Similarly, I was also happy to hear of a much-needed National Mental Health Programme, but disappointed at seeing no serious efforts in building public hospitals across the country, including the long promised AIIMS in Kerala, promised in 2014 and deferred ever since.

In my speech I expressed my disappointment on the government's paltry allocations for education. I am willing to applaud the proposed creation of a TV channel for e-education, even though 17% of our schools do not have access to electricity, which limits its usefulness. But I remain bitterly disappointed that there is little money for actual education-whether it is the slashing of funds for the Samagra Shiksha Abhiyan, the disposal of the National Scheme of Incentive to Girls for Secondary Education, or the lack of efforts to address two years of learning losses during the pandemic.
Apologists for the government claim that this is a visionary Budget that lays the foundations for India to become a developed country whereas the Opposition's welfarist critiques would leave us as a country of poor people living on handouts. This must be taken on frontally.

Aside from the fact that it was a Congress government that introduced liberalisation and another Congress-led government that presided over the best rates of growth our economy has ever known, there is one key missing element in this charge: if you have a coherent philosophy there should be some consistency over the years. But this government has none.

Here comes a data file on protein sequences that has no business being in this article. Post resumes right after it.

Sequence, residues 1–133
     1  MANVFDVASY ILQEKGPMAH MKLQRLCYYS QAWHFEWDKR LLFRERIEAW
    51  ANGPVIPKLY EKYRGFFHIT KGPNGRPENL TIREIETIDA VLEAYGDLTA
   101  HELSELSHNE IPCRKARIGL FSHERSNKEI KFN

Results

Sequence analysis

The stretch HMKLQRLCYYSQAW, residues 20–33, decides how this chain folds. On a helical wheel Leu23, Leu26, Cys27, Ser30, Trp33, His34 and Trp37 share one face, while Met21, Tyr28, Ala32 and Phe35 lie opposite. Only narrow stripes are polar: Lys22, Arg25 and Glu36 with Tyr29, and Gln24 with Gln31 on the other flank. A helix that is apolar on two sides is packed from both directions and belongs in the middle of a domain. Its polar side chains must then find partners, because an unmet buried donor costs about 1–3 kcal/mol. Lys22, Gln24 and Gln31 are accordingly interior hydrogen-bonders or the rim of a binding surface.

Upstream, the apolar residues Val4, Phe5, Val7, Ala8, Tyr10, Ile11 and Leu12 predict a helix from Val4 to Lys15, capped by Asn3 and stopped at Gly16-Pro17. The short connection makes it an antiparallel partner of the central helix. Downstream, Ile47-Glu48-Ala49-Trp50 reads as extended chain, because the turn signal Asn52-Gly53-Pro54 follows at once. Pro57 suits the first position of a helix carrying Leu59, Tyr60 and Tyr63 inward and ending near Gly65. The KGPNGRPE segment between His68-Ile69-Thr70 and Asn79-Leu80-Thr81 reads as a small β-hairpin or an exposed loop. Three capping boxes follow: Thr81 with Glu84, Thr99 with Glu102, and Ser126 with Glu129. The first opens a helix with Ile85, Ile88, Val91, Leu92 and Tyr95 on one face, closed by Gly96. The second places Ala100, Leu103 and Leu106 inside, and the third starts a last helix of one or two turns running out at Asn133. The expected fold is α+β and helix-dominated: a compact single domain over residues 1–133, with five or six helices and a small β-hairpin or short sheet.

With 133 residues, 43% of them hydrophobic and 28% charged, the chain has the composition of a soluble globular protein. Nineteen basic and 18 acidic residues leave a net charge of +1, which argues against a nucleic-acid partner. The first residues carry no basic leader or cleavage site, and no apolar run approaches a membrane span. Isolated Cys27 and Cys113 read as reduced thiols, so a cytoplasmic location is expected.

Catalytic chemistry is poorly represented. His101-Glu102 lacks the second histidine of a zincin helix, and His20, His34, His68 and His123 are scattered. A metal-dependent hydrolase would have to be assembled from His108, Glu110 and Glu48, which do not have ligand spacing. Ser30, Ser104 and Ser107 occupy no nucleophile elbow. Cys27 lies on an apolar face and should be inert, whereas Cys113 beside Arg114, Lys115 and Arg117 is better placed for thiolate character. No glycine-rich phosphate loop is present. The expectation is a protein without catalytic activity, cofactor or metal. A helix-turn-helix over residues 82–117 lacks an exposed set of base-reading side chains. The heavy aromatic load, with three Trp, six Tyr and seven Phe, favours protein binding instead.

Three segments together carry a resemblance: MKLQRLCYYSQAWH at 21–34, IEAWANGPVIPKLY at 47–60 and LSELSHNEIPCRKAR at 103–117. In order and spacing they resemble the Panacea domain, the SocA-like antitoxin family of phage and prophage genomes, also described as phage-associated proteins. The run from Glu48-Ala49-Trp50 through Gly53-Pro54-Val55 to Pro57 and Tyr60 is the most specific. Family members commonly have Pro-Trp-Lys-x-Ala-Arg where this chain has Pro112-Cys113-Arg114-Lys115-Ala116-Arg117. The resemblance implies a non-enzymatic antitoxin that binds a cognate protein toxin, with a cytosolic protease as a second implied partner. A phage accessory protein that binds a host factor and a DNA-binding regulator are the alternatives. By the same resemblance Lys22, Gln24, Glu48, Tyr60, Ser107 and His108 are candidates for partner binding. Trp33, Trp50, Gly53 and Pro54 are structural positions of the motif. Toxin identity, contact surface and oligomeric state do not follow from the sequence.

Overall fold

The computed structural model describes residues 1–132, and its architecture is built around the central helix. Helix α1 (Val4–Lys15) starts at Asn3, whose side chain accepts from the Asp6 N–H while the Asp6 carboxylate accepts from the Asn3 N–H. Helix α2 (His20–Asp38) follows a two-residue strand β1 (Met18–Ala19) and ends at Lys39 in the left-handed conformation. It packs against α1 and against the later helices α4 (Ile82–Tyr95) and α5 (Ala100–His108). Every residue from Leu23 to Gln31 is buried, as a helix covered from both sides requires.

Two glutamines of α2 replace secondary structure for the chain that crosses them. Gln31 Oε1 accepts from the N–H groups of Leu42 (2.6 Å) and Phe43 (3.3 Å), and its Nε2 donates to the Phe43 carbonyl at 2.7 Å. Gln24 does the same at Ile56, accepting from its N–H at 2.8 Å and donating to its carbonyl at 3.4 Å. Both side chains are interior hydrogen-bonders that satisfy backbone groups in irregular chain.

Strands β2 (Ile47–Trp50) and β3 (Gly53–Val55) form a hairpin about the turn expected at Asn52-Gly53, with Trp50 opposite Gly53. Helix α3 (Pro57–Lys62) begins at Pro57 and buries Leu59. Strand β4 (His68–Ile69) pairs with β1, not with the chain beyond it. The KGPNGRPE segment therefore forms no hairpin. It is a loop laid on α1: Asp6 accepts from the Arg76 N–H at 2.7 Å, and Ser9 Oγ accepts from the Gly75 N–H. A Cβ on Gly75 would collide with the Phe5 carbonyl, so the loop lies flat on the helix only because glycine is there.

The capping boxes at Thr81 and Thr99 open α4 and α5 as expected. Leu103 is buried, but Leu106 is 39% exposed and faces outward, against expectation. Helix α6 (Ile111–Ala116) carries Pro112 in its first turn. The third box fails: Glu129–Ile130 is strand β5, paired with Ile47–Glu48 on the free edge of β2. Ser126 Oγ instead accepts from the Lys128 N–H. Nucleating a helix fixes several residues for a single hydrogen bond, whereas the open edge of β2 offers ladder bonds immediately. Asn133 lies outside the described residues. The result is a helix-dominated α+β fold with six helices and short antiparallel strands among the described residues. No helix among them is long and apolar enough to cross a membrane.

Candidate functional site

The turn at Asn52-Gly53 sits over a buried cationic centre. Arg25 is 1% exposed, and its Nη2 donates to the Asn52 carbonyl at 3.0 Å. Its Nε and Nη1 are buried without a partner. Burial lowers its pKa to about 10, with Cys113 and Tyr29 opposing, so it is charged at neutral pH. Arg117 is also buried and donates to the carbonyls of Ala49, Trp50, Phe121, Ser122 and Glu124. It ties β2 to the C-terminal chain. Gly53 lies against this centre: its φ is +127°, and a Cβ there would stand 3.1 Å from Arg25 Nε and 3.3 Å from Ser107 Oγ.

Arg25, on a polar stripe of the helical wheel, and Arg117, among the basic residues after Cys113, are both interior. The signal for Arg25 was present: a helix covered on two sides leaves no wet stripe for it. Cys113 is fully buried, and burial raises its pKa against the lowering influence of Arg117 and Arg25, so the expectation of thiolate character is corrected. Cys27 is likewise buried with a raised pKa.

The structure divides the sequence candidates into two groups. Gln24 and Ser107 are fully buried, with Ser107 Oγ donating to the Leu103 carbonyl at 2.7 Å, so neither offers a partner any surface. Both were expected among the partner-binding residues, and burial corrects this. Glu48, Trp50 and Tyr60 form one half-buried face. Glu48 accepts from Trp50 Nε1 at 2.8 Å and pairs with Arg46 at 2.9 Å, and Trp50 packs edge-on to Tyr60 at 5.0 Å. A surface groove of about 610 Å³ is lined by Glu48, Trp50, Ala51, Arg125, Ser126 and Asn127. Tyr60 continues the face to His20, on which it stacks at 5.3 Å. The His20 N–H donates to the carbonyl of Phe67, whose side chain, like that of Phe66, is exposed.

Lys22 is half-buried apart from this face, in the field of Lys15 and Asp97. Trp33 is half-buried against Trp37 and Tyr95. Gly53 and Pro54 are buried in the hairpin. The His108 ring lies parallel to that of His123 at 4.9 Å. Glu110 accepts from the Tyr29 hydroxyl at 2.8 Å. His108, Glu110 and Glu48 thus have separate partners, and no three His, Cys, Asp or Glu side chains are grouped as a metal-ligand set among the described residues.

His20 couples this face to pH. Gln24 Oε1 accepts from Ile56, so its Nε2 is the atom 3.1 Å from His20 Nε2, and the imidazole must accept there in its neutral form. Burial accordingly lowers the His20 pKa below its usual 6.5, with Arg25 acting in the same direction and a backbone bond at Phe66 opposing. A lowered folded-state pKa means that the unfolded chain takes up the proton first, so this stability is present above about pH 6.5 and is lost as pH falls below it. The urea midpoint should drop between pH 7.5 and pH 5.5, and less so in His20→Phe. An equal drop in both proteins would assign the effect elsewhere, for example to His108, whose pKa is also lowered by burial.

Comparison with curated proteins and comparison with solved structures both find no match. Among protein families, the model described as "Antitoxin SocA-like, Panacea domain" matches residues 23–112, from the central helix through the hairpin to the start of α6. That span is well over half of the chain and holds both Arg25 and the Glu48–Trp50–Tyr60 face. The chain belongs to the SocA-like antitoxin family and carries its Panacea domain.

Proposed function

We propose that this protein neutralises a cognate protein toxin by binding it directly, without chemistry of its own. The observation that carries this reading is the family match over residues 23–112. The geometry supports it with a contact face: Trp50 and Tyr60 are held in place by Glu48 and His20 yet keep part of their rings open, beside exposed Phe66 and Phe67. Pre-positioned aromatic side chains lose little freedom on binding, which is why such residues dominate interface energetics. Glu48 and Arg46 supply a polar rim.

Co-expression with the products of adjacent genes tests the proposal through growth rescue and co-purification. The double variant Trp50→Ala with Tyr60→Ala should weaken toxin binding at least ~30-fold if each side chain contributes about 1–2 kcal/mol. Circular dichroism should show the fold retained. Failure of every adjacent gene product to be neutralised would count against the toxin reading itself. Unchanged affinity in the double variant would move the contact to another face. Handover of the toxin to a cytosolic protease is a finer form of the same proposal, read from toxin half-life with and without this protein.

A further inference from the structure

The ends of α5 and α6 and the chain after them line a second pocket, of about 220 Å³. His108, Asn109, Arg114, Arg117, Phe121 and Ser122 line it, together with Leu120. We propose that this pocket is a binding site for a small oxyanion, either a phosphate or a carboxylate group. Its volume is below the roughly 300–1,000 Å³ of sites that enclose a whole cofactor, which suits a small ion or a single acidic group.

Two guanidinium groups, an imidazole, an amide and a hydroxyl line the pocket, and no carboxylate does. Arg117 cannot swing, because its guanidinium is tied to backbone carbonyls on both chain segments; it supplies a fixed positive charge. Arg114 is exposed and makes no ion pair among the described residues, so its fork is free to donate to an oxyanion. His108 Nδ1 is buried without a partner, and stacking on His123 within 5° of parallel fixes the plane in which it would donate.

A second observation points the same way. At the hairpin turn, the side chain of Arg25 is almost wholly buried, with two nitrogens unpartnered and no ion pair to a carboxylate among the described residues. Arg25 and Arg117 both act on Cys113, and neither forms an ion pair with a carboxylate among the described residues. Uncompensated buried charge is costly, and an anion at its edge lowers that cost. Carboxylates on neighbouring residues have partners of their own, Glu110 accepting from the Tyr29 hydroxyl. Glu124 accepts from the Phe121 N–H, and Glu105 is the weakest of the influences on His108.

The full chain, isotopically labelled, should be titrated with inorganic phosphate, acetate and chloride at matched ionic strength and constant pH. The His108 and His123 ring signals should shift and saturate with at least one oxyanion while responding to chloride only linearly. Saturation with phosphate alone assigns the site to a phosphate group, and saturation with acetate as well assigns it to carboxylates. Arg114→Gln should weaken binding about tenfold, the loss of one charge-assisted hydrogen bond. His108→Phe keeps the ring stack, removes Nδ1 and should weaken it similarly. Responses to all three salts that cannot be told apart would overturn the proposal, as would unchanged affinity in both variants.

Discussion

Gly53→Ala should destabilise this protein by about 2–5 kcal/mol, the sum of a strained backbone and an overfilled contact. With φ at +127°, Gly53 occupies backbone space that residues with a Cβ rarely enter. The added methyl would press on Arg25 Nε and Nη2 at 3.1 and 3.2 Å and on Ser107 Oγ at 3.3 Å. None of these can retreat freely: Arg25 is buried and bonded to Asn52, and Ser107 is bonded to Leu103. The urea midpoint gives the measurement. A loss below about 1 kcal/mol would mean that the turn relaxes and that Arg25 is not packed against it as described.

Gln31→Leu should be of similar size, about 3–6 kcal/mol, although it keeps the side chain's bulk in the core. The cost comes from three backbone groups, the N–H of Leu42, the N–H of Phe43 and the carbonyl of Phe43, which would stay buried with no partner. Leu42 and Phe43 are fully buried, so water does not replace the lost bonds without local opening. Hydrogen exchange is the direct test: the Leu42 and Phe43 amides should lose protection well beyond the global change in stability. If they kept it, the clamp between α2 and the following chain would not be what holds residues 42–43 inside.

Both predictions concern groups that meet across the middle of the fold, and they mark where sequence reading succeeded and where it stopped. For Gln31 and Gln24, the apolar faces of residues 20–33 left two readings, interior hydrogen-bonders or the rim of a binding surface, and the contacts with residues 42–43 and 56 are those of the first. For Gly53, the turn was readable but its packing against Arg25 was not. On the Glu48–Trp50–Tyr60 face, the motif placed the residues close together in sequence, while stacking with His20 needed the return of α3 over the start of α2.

A fondness for grand announcements, followed by consistently failed implementation. There is little to cheer about |ANI

Let's take just one issue that it is identified with: privatisation or disinvestment. For nine straight budgets now, the government has projected revenue from asset sales that it has never actually earned. Last year the government predicted Rs 1 lakh 75 thousand crore and didn't meet it. Its revised budget estimate now says 78,000 Crore. It is unlikely to meet that either. It seems even the government has doubts, since for next year it is only projecting 68,000 crore.

Two years ago, the government announced that it would be privatising BPCL, Container Corporation of India and Shipping Corp of India. If any of these have been sold, Parliament has not heard of it. Similarly last year it announced the imminent privatisation of two banks and an insurance company. It didn't happen, and this year the government didn't even mention it.

Last year, it announced a National Monetisation Pipeline to see 6 lakh crore worth of old infrastructure to finance new infrastructure-building. This year, again, the government is embarrassingly silent on that scheme.

Many years ago, I said that this is a name-changing government, not a game-changing one. Today I will add that it is an announcement government, not an implementation government.
Dear Finance Minister Nirmala-ji: I have been listening to Jaitley ji's and your budgets attentively since 2014. Every single year he and you have announced fiscal deficit targets and failed to meet them. You have mentioned privatisation targets and failed to meet them. You projected improvements in the tax to GDP ratio and failed to meet those. You promised achhe din and you have now moved the goalposts another 25 years into the future, after an illusory 'Amrit Kaal', when none of you will be around to be accountable for that either.

Therefore, I'm sorry to say that the underlying vision that this government has presented through the Union Budget 2022-23, is a story of failure. A fondness for grand announcements, followed by consistently failed implementation. Even by your own yardsticks, there is little to cheer about.